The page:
|Arnie Ballard lookin' at you.|
That's Arnold Ballard at the left, but I don't remember the other two guys. This was in Ballard's Full Service Citco Gas Station in Patten, Maine. Arnie's father owned it. I took this series of photos to show my family and friends back in Dundalk, Maryland--a suburb of Baltimore--what it was like hanging out in town on a Saturday night.
Now that I see this old photo in this format, it comes to front that the most important historical angle to it is the hair cuts of those two guys. They look like the carefully crafted styles that many of my contemporaries wore through the '60s.
Hey! Don't the guy all the way to the right in the back look like he's figuring on going bald, before he's out of his twenties? He's already training his forward comb over!
If that fellow is still alive and sees this: "Sorry old pal, I couldn't resist".
|Saturday night in Ballard's Citco.|
|A hot conversation in Ballard's Citco.|
I just fit right in up there in Patten, Maine. It may look like those fellows in that photo are shutting me out of their inner circle, but I had a comfortable leaning spot in amongst that circle of friends and buddies just off to the left. I had shifted position to take the photograph.
Oh yeah. I definitely fit right in.
Even though I fit right in up there, I was always aware that if at least the past two, no, three generations of a person's family hadn't been born and raised within oh, say sixty miles of the town of Patten, then that person would always be "from the outside."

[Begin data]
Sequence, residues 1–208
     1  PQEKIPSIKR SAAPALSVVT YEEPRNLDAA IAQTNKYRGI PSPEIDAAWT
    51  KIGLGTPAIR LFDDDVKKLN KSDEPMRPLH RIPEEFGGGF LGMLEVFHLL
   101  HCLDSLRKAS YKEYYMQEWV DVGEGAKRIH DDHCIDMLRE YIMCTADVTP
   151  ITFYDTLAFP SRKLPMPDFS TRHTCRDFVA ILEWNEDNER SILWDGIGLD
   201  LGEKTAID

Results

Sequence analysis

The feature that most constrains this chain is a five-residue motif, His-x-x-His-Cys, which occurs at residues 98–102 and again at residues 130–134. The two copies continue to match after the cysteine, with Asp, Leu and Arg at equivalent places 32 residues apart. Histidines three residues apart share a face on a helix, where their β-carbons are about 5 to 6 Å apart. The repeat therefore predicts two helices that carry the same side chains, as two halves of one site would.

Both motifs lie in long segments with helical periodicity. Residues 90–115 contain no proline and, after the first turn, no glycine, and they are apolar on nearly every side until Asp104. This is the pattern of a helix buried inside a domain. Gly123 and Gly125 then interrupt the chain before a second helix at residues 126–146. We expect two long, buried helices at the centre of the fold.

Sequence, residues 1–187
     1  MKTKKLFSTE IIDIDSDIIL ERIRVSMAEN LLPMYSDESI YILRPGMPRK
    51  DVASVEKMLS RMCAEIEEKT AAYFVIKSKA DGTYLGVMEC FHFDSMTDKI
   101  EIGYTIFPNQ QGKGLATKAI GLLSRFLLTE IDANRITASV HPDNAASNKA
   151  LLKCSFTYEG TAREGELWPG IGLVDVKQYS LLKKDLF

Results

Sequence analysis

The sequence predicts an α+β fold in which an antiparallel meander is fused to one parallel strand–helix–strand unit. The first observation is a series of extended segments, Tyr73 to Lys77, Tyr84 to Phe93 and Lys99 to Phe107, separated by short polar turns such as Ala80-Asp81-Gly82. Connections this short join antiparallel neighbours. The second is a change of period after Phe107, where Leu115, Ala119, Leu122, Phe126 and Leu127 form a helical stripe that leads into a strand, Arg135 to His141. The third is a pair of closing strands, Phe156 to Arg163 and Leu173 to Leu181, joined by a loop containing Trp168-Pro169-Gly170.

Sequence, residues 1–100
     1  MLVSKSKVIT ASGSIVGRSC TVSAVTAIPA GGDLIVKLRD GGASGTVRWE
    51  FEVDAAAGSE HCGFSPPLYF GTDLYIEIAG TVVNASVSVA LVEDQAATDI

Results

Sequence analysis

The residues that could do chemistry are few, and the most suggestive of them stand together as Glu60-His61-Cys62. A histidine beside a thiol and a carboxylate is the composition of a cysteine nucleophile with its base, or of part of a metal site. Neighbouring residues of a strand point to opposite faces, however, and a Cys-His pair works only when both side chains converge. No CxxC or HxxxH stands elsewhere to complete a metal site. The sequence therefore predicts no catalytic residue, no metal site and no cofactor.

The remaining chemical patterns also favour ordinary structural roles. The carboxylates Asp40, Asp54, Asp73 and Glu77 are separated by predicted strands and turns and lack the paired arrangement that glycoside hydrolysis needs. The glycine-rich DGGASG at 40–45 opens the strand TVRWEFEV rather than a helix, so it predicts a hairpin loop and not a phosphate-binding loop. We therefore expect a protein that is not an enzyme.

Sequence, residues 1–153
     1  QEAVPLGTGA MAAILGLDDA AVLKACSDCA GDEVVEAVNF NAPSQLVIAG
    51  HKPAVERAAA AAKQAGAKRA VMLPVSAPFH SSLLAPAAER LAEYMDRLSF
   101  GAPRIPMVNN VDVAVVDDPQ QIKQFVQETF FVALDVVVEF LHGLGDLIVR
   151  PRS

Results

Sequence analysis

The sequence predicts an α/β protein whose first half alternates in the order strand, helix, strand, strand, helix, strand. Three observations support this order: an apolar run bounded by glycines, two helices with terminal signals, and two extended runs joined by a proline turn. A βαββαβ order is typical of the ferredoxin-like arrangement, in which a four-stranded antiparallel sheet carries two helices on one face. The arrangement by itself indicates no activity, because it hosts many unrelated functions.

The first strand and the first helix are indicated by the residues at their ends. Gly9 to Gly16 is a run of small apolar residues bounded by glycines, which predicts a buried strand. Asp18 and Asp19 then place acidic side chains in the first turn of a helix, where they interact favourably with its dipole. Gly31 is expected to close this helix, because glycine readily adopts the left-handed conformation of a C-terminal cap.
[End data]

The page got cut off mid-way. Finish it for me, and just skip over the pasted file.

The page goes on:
I respected that.
They had a tough life up there livin' in the woods.
When there were local jobs available, the work was usually fairly hard and often dangerous. If they became injured or ill, it was their family, friend or neighbor who drove them the hour or more it might take to get to the nearest hospital. Those folks up there relied on one another for their survival. Everybody looked out for each other.
The kids from Patten and the other small towns in the area would often go to each other's dances and parties. And I went to most of them too, often with my best friend, Gary McCarthy. He and I picked up some sweet babes together, at those countryfied teenage social affairs.
Early one relaxed, mid-summer's Saturday evening, just before the night's teen fun and country kid style action was about to commence ta' happening in northern Maine, Gary McCarthy and I were sitting next to each other, while sipping sodas, on swivel stools at the lunch counter in the Patten Drug Store.
Gary turned to me and said, "Dave, if you get into a fight with a guy from another town, then by jeeze, it'll be me and you against him back to back; I'll fight any of his friends who try to hit you from behind. But! If you get into a fight with a guy from the Town of Patten? It'll be him, me and the rest of the town against you."
I had no problem with that. I admired them for the way that they stuck together.
David Robert Crews Copyright 2008